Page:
I got an email earlier this week from one of the reichwing newsletters that I subscribe to and in it, there was a conspiracy theory involving Chinese hackers who could kill you through your pacemaker (hey, it happened this week on Homeland, didn’t it, smartypants?). Apparently, I didn’t read it that closely—it didn’t merit it—and just deleted it, they had some device that you could buy to protect yourself from the Chinese hackers by scrambling the serial codes for your pacemaker or… something. Clearly this organization were marketing geniuses and knew that a high percentage of their audience probably did have pacemakers installed and additionally probably suffered from senile dementia. (This isn’t the article I refer to, but you’ll get the gist of it here).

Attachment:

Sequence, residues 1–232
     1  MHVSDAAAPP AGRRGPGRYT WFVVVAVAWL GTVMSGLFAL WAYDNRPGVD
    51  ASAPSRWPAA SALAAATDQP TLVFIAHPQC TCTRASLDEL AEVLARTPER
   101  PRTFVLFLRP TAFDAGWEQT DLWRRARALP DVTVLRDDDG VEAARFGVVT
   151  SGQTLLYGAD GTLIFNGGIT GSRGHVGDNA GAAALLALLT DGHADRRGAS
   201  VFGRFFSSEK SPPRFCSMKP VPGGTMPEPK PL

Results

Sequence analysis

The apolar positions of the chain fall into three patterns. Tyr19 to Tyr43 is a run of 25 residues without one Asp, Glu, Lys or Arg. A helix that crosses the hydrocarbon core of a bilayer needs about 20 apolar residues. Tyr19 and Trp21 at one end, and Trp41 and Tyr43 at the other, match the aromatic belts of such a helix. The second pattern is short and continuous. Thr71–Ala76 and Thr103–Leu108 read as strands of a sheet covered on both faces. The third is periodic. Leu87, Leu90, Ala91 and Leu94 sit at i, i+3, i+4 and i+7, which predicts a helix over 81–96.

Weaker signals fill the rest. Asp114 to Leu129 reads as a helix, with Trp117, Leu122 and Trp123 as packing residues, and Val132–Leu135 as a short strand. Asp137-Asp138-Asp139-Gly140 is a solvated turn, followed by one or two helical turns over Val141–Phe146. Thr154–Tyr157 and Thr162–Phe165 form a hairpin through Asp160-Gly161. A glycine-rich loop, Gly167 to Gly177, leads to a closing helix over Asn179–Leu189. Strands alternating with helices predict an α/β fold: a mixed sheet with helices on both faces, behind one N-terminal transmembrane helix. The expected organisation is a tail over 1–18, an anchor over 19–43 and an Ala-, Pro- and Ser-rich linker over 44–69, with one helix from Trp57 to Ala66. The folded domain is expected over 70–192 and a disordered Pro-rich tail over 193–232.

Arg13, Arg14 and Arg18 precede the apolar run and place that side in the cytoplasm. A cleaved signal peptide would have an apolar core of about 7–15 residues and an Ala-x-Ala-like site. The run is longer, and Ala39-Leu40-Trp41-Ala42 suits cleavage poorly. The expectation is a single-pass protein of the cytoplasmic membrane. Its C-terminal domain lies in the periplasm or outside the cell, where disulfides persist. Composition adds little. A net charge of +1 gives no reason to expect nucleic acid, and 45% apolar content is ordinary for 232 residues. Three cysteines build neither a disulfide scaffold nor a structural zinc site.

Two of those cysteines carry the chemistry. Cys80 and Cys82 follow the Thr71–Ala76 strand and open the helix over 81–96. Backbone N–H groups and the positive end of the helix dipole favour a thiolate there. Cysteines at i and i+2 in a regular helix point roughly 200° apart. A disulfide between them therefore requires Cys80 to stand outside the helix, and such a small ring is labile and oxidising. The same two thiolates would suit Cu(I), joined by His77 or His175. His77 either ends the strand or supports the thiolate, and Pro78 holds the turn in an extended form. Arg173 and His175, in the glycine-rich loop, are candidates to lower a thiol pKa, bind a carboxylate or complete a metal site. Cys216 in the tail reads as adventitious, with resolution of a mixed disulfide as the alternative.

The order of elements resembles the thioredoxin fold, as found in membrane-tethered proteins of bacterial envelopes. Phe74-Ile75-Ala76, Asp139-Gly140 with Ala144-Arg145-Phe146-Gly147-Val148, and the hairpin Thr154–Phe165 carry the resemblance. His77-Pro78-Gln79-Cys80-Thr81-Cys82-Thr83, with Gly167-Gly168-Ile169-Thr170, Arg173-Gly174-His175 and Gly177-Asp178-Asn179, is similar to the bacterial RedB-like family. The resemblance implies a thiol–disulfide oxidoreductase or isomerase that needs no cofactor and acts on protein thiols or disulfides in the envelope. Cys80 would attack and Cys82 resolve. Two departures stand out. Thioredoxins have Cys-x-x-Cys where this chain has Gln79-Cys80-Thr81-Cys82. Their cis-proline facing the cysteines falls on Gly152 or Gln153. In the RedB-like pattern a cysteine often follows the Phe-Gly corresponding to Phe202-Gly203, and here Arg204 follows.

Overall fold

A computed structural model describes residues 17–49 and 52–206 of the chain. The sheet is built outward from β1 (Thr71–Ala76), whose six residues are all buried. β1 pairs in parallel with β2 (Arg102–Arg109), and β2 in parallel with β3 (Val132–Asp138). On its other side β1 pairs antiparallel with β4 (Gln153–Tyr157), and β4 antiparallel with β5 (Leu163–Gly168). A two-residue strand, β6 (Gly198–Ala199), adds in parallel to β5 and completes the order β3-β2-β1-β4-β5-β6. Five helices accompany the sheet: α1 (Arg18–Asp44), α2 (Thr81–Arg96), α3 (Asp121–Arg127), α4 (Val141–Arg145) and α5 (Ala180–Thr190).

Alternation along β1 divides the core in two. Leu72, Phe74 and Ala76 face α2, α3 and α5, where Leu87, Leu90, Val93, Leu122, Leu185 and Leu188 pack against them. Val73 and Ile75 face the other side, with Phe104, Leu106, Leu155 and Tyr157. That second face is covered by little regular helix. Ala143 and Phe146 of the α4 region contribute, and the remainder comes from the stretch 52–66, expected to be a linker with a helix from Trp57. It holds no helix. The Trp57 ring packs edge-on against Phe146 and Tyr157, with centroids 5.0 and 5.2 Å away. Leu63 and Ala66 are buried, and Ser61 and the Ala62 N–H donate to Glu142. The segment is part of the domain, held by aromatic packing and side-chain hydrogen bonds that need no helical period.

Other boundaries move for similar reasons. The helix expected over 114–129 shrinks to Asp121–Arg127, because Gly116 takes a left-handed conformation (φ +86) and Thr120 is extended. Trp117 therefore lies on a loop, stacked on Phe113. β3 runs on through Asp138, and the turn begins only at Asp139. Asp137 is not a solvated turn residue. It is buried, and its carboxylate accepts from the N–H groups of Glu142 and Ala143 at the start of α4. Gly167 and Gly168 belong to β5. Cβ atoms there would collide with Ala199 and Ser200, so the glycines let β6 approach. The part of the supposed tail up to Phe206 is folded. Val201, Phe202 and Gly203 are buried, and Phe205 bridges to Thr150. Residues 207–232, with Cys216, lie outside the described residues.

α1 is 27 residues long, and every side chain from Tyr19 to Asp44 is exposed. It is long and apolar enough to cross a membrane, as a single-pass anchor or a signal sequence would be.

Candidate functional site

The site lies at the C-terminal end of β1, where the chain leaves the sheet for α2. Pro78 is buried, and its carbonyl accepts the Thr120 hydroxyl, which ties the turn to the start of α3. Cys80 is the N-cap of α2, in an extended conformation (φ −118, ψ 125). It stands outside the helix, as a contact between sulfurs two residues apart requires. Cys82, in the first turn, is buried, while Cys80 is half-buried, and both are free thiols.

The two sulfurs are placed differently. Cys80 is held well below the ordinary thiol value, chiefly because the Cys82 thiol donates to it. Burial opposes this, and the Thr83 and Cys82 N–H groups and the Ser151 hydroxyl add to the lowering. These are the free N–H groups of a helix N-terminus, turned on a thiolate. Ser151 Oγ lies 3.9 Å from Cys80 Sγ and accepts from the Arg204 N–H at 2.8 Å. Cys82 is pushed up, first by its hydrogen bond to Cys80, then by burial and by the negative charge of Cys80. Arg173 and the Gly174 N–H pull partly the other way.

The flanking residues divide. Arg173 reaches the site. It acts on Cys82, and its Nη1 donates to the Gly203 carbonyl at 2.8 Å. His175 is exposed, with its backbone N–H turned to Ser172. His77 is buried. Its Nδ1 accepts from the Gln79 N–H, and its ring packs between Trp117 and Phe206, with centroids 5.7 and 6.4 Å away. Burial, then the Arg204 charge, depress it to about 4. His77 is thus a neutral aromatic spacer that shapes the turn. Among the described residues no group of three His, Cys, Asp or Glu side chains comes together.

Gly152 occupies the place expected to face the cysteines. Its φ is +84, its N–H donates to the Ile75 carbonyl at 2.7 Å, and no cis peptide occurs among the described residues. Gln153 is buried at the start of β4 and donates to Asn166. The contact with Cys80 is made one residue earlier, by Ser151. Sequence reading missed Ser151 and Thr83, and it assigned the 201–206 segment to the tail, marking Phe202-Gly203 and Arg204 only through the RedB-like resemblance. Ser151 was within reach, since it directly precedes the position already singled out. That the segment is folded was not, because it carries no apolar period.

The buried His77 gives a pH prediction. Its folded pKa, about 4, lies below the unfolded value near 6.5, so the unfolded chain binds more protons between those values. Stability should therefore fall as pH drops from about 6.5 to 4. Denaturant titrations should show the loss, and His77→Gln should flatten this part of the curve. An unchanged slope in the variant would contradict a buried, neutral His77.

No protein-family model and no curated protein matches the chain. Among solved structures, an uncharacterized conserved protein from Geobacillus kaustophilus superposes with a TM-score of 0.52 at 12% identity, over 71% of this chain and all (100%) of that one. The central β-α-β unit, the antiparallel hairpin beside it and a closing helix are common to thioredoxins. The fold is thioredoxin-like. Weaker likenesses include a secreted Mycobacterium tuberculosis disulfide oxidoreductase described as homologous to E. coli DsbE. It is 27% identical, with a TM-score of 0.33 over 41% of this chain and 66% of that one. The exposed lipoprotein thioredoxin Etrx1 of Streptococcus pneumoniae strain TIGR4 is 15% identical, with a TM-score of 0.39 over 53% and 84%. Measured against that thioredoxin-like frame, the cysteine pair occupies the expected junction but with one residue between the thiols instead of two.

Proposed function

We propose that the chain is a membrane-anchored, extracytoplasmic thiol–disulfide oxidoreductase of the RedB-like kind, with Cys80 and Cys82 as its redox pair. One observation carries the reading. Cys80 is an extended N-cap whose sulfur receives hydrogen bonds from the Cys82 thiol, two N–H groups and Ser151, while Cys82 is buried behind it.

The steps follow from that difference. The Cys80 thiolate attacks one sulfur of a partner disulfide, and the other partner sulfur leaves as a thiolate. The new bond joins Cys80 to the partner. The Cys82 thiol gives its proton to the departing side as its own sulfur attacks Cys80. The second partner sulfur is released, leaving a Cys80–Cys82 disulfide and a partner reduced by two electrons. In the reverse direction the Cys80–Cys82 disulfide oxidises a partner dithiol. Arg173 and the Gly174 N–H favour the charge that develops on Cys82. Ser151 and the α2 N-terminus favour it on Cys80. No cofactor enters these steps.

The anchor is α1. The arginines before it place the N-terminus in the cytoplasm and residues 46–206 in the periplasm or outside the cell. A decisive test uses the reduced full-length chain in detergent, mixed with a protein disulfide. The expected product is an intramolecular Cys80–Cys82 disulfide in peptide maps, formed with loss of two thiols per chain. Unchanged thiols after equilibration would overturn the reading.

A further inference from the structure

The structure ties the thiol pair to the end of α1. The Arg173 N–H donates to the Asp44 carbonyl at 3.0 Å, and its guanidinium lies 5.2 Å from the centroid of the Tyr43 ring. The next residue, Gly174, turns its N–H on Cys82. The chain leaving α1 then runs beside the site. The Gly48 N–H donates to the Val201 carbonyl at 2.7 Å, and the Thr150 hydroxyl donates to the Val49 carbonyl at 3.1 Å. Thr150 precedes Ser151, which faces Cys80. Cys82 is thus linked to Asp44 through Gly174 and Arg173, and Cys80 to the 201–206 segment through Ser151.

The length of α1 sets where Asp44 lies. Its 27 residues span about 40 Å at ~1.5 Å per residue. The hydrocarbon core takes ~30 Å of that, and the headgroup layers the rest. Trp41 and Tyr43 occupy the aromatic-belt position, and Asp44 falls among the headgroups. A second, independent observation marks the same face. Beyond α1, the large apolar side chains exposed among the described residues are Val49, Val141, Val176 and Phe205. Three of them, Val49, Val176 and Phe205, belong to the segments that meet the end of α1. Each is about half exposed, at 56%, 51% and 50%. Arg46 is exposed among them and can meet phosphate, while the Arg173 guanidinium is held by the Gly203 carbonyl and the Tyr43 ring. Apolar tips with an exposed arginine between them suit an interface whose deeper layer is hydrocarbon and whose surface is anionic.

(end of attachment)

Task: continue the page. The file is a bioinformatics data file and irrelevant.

Last night on The Colbert Report, Stephen Colbert tackled the problem some older Fox News viewers might have separating the shit from the Shineola. Maybe it’s just a matter of “Low-T” or “Low-O,” he wondered?
Via Raw Strory:
Older people, Colbert began, are less able to trust their gut instincts, according to a report from Fox News. As they age, many people lose their ability to discern whether someone is lying to them or is trying scam them. They become more trusting.
“Who’d have thought that elderly Fox News viewers would be more susceptible to misinformation?” asked Colbert.
Glenn Beck, for sure. The companies selling them extortionately over-priced gold coins delivered to their front door. The publishers of NewsMax and WorldNetDaily, definitely. The NRA. The Tea Party Express. Sarah Palin. The Republican National Committee. It’s a pretty long list.